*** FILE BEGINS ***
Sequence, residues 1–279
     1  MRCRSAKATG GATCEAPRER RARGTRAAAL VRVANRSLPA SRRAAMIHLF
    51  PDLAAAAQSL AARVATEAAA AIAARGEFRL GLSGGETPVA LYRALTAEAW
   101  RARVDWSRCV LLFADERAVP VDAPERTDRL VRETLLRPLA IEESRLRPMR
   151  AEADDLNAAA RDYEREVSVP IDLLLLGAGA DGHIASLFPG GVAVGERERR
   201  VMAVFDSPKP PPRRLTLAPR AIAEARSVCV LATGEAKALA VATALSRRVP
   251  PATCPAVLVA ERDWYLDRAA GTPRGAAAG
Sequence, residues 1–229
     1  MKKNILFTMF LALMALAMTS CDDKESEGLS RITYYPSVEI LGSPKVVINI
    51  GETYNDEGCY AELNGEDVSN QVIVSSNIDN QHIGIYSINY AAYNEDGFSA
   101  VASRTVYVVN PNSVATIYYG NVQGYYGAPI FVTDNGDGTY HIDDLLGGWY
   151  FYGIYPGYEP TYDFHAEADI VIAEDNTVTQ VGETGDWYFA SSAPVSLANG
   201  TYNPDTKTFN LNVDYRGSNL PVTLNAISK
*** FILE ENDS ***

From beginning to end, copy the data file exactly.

Sequence, residues 1–279
     1  MRCRSAKATG GATCEAPRER RARGTRAAAL VRVANRSLPA SRRAAMIHLF
    51  PDLAAAAQSL AARVATEAAA AIAARGEFRL GLSGGETPVA LYRALTAEAW
   101  RARVDWSRCV LLFADERAVP VDAPERTDRL VRETLLRPLA IEESRLRPMR
   151  AEADDLNAAA RDYEREVSVP IDLLLLGAGA DGHIASLFPG GVAVGERERR
   201  VMAVFDSPKP PPRRLTLAPR AIAEARSVCV LATGEAKALA VATALSRRVP
   251  PATCPAVLVA ERDWYLDRAA GTPRGAAAG
Sequence, residues 1–229
     1  MKKNILFTMF LALMALAMTS CDDKESEGLS RITYYPSVEI LGSPKVVINI
    51  GETYNDEGCY AELNGEDVSN QVIVSSNIDN QHIGIYSINY AAYNEDGFSA
   101  VASRTVYVVN PNSVATIYYG NVQGYYGAPI FVTDNGDGTY HIDDLLGGWY
   151  FYGIYPGYEP TYDFHAEADI VIAEDNTVTQ VGETGDWYFA SSAPVSLANG
   201  TYNPDTKTFN LNVDYRGSNL PVTLNAISK